Signs and symptoms – what to watch for
Keeping your horse successfully barefoot often means keeping a close eye on some of the signs and symptoms that your horse’s metabolism is doing well/not coping. Spring grazing or changes in diet or environment can often cause issues, so be extra vigilant over these times…. So what should you check for?
Hot/warm coronet band & feet. Just place your hand on the hoof wall, and a little higher on the coronet band. If there’s heat you’ll notice it easily as that area is normally cool. Heat is normally a sign of inflammation in the body, so heat at the coronet band means theres an issue. The coronet band has the job of growing new hoof horn so if there are problems there, they are worth taking seriously.
Raised pulses: You can check your horse’s pulse -link (warning some dissection pictures) by finding the digital artery just above or below the horse’s fetlock. Also, I, or any other EP would be only too happy to show you how when we come to see your horse. So you know what to expect
- Not being able to find anything is good.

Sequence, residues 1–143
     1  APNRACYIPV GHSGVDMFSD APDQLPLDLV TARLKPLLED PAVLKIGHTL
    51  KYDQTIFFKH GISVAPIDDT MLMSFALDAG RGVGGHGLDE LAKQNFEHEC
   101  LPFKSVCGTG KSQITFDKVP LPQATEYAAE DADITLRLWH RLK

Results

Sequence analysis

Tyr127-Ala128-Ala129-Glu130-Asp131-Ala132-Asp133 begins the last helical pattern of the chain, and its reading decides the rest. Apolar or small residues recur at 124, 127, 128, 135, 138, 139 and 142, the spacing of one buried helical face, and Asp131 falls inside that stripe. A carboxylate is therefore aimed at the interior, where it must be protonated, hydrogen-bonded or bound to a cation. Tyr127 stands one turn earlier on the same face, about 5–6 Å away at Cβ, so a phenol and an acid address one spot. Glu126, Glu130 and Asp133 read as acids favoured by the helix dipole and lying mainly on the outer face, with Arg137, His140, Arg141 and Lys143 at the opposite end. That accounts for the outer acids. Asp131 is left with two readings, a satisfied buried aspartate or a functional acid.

- A faint pulse is ok but worth monitoring.
- If you can feel the pulse easily then it is probably too high!
- If its ‘bounding/throbbing’ to touch then you have a problem.
Pulses will be raised by exercise and lowered by standing still, so its a good idea to check before exercise, and before and after turnout to see if the grazing is having any effect on them.
Fluid build up: Look for an enlarged belly and/ or puffy eyesockets. These symptoms could indicate that the kidneys are struggling to extract fluid from the horses system See how this horse has swelling (rather than a depression) above the eye..?
If you’re concerned about any of these issues with your horse, then speak to your vet or hoofcare provider for advice.Share this to...
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